Another part of the “perfect storm” envisioned by Sowell is the acquisition of nuclear weapons by Iran, the imperative that will create for other states in the region to go nuclear, and the consequent possibility that terrorist groups will gain access to these weapons. He observes that Japan in 1945 was a much tougher nation than the U.S. today, yet only two nuclear bombs caused them to capitulate in a matter of days. How many cities would the U.S. have to lose? My guess is at least two but no more than five. People talk about there being no prospect of a battleship Missouri surrender in the War on Terror (or whatever they're calling it this week), but the prospect of a U.S. surrender on the carrier Khomeini in the Potomac is not as far fetched as you might think.

Sowell dashes off epigrams like others write grocery lists. Here are a few I noted:

  • One of the painful consequences of studying history is that it makes you realize how long people have been doing the same foolish things with the same disastrous results.
  • There is usually only a limited amount of damage that can be done by dull or stupid people. For creating a truly monumental disaster, you need people with high IQs.
  • Do not expect sound judgments in a society where being “non-judgmental” is an exalted value. As someone has said, if you don't stand for something, you will fall for anything.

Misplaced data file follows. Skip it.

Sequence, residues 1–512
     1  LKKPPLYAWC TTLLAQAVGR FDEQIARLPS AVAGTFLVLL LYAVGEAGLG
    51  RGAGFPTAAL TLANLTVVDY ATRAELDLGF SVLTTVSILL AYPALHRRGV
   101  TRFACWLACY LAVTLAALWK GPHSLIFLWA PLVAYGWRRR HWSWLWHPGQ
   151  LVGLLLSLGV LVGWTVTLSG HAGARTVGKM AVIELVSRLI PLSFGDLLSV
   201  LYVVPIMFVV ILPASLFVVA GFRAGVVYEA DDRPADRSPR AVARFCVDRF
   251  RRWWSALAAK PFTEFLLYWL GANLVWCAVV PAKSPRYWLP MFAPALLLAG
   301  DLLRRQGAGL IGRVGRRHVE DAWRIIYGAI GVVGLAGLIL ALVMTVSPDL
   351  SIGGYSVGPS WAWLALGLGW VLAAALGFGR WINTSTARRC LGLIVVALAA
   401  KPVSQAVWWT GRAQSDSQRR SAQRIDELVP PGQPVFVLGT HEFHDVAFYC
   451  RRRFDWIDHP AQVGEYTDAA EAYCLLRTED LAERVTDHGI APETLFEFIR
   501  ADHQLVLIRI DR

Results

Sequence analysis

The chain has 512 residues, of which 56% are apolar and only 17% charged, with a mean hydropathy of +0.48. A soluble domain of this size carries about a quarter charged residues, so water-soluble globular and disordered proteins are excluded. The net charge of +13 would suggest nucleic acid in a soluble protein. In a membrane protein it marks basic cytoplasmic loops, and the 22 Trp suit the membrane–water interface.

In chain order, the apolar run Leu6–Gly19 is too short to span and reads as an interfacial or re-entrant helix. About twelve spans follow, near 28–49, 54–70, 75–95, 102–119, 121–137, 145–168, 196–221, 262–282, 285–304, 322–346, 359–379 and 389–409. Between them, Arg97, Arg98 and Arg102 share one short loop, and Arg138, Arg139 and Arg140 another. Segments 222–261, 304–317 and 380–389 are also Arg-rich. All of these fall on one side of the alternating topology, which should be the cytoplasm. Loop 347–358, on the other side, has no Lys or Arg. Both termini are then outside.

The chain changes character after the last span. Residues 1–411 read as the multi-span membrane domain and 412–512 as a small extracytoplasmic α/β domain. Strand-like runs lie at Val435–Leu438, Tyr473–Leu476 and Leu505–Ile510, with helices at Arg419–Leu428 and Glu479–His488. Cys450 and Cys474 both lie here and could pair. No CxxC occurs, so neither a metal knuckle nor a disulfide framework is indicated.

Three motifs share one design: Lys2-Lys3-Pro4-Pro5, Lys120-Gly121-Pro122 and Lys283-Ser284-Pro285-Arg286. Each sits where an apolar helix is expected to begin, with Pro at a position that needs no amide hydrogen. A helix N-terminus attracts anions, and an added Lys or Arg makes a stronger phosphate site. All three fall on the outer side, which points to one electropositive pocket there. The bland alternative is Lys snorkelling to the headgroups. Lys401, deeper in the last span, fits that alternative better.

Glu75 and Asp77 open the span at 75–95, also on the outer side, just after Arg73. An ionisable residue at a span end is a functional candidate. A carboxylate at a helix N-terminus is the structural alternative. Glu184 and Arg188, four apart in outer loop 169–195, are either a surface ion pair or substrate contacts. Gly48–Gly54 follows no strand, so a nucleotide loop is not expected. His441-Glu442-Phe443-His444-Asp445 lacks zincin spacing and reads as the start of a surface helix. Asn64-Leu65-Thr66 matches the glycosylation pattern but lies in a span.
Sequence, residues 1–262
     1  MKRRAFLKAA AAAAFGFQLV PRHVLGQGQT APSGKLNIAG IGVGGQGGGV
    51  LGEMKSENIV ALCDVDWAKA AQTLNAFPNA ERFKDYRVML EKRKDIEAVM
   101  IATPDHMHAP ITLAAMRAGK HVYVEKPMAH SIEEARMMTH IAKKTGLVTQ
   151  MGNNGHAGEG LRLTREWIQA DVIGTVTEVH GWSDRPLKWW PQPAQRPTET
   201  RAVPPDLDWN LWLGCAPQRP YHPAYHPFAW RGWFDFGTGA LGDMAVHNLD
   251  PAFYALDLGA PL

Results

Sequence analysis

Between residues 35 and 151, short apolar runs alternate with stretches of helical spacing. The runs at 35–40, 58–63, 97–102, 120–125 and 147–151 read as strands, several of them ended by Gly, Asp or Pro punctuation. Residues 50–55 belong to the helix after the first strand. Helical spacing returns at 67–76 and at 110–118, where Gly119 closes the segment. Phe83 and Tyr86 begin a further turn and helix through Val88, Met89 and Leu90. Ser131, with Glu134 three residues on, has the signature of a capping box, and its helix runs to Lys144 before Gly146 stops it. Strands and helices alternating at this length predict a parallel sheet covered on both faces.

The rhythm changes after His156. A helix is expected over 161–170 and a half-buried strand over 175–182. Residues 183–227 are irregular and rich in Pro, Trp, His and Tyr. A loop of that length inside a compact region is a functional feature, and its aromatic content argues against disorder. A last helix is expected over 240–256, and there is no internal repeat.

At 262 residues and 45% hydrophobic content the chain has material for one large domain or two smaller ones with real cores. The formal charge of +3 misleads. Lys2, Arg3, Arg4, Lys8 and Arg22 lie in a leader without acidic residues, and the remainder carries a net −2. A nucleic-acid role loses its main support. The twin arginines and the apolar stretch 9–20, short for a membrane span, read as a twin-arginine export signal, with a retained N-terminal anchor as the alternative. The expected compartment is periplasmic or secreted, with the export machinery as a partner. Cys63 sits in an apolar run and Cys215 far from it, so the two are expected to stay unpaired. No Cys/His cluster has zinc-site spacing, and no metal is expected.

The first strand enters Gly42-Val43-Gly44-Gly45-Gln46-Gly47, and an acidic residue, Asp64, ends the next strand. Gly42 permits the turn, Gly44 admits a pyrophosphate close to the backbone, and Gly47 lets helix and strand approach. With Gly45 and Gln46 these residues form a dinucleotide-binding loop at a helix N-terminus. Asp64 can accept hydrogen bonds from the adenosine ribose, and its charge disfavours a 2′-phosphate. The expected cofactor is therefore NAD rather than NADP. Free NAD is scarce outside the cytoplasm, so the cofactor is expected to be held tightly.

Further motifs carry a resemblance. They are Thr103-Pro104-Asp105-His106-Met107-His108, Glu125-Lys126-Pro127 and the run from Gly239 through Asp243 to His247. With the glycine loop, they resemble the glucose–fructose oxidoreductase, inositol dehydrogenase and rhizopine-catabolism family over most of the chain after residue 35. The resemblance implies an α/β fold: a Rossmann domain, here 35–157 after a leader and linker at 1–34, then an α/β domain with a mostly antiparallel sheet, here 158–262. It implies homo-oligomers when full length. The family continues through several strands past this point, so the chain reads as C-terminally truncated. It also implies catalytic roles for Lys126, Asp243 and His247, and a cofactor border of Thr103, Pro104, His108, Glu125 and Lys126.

• Progress in general seems to hold little interest for people who call themselves “progressives”. What arouses them are denunciations of social failures and accusations of wrong-doing.
      One wonders what they would do in heaven.
  • In a high-tech age that has seen the creation of artificial intelligence by computers, we are also seeing the creation of artificial stupidity by people who call themselves educators.
  • Most people on the left are not opposed to freedom. They are just in favor of all sorts of things that are incompatible with freedom.
  • Will those who are dismantling this society from within or those who seek to destroy us from without be the first to achieve their goal? It is too close to call.

As a collection of columns, you can read this book in any order you like (there are a few “arcs” of columns, but most are standalone), and pick it up and put it down whenever you like without missing anything. There is some duplication among the columns, but they never become tedious. Being newspaper columns, there are no source citations or notes, and there is no index. What are present in abundance are Sowell's acute observations of the contemporary scene, historical perspective, rigorous logic, economic common sense, and crystal clear exposition. I had read probably 80% of these columns when they originally appeared, but gleaned many new insights revisiting them in this collection.

The author discusses the book, topics raised in it, and the present scene in an extended video interview, for which a transcript exists. A shorter podcast interview with the author is also available.

October 2010 Permalink